Wisconsin governor Evers suggests legalizing marijuana and placing among the proceeds into fairness initiatives and rural faculties – MJNews Community

The governor’s proposal regulates and taxes marijuana in a manner similar to alcohol and generates more than $ 165 million annually as of fiscal 2023

WISCONSIN: Governor Tony Evers announced today that his 2021-23 biennium will propose marijuana regulation and taxation, much like Wisconsin regulates and taxes alcohol. Under the proposal, Wisconsin, along with 15 other states, including neighboring Michigan and Illinois, would legalize recreational marijuana. The governor’s 21-23 budget proposal will increase revenue, create jobs, and reduce the costs of the criminal justice system, while allowing those suffering from chronic or debilitating pain and illness to use the drugs they need.

“Legalizing and taxing marijuana in Wisconsin – just like we already do with alcohol – ensures that a controlled market and a safe product are available for both recreational and medical users, and can open up myriad opportunities for us to be in our communities invest and create more just state, ”said Governor Evers. “In all honesty, the red and blue states across the country have pushed legalization, and there’s no reason Wisconsin should be left behind when we know it’s backed by a majority of the Wisconsinites.”

In 2019, a Marquette University poll found that nearly 60 percent of Wisconsinites support marijuana legalization and 83 percent of Wisconsinites support medical marijuana legalization. The governor’s biennial budget for 19-21 proposed legalizing medical marijuana, which was ultimately rejected by Republicans in the legislature.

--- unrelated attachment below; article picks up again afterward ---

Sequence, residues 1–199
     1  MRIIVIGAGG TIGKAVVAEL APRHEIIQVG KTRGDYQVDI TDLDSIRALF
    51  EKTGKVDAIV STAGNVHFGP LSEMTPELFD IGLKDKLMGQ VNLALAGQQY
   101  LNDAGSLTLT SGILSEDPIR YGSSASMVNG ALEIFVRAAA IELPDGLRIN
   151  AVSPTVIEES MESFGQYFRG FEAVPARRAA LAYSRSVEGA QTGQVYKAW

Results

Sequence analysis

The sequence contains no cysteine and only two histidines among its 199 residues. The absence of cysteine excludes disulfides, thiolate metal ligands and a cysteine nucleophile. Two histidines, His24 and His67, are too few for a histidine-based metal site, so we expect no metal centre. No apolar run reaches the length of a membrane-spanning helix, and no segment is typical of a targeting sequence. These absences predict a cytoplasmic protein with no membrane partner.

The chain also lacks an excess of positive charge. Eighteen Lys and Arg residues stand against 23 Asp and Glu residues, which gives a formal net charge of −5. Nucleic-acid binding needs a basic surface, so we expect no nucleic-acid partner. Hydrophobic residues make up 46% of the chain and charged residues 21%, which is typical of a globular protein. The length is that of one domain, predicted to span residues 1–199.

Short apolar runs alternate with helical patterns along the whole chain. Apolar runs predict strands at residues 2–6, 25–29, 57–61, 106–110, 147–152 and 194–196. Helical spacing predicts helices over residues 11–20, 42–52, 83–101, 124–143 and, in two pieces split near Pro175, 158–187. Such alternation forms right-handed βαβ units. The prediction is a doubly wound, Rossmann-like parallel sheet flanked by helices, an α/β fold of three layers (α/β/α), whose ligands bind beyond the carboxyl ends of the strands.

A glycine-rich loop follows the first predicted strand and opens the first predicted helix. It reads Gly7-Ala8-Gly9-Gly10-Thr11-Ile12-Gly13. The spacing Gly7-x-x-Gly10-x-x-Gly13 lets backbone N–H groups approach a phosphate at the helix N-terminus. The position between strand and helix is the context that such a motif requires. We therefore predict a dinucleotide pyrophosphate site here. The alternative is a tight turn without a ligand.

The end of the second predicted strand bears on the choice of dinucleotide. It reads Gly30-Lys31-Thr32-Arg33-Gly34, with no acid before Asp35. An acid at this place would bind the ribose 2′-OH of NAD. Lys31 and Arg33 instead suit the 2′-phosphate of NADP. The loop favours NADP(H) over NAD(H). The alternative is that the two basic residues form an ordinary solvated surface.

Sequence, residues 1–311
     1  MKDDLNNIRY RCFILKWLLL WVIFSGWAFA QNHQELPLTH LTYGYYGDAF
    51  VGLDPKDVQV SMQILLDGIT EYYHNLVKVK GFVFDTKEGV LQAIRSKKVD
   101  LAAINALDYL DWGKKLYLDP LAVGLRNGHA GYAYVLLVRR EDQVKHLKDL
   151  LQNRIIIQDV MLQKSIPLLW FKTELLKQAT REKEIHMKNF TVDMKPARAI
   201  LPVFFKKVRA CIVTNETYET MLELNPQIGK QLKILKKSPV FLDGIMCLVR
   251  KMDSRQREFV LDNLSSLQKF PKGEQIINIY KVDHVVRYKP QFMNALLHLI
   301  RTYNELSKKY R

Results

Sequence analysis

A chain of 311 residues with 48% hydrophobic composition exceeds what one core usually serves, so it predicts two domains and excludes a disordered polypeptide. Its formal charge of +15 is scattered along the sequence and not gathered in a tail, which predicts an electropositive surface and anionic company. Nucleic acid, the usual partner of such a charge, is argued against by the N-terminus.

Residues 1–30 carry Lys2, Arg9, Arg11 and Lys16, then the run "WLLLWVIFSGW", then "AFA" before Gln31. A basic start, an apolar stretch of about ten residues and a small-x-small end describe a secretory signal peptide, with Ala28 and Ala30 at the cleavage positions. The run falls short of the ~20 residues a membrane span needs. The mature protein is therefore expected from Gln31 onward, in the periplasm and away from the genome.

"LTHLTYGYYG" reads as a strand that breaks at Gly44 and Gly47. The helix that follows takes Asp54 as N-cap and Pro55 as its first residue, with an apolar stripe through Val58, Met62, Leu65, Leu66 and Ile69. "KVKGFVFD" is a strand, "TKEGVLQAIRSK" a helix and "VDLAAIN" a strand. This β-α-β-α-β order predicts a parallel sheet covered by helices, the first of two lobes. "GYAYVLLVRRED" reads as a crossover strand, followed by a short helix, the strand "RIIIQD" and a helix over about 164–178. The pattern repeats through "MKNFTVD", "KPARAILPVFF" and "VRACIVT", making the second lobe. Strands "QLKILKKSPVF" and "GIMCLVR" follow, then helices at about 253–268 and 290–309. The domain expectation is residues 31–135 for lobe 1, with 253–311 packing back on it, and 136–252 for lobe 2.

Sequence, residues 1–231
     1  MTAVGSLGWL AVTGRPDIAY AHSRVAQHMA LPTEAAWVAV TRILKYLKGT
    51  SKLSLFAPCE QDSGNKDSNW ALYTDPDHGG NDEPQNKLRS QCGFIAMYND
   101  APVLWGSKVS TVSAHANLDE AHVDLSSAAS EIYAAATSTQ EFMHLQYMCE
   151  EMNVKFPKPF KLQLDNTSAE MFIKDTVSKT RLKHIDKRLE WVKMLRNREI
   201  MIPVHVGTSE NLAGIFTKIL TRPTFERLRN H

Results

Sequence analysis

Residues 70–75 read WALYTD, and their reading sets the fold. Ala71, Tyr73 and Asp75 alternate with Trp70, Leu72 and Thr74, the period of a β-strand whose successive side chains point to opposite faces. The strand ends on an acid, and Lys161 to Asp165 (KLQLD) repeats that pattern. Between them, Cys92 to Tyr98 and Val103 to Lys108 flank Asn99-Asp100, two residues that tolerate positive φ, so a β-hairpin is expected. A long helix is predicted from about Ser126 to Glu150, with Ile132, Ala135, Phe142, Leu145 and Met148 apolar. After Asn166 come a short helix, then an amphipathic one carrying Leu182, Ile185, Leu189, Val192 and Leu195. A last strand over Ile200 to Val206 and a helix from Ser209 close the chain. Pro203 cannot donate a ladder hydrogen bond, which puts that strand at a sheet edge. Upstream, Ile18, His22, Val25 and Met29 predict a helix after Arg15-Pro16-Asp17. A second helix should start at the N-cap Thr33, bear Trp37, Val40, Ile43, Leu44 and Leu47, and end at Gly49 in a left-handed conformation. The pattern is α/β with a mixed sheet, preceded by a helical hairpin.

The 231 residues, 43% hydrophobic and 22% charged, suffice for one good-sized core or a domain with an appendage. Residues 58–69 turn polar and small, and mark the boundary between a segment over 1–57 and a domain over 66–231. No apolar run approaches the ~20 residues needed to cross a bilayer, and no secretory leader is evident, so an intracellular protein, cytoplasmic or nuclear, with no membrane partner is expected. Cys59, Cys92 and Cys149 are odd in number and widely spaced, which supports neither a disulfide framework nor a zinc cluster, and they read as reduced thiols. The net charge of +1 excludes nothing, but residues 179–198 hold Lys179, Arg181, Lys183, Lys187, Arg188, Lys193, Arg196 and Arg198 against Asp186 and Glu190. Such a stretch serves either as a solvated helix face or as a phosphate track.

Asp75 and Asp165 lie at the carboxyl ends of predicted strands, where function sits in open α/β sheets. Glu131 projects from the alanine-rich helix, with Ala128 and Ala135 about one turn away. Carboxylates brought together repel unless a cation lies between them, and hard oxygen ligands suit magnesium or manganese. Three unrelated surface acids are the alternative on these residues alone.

Marijuana legalization is expected to generate more than $ 165 million annually from the second year of the biennium (Fiscal Year 23). The governor is proposing that $ 80 million of marijuana revenues be allocated for reinvestment in communities across the state through a new Community Reinvestment Fund. Beginning in fiscal year 23, the Community Reinvestment Fund will provide $ 30 million in equity grants through the Department of Health Services, the Department of Administration and the Department of Children and Families. US $ 5 million to fund underserved community grants through Wisconsin Economic Development Corporation; and providing more than $ 34 million to support Sparsity Aid, which goes to small rural school districts. The remaining income would be paid into the general state fund.

According to the governor’s proposal, marijuana would be taxed and regulated in a manner similar to alcohol and regulated by both the Treasury Department (DOR) and the Department of Agriculture, Trade and Consumer Protection. The proposal would require that recreational marijuana sales be made by a marijuana retailer that has a permit issued by the DOR. Individuals would have to be 21 years old to buy recreational marijuana. Any sale of recreational marijuana to minors would be prohibited. The plan also provides a way for medical marijuana users to access the product without paying retail taxes.

There are certain limits on the sale and possession of marijuana under the proposal. Wisconsin residents cannot own more than two ounces of marijuana and six plants for personal use. Non-residents cannot own more than 0.25 ounces of marijuana. Under the proposal, no marijuana processor or micro-business that works as a marijuana processor will be allowed to use marijuana with marijuana grown outside of Wisconsin.

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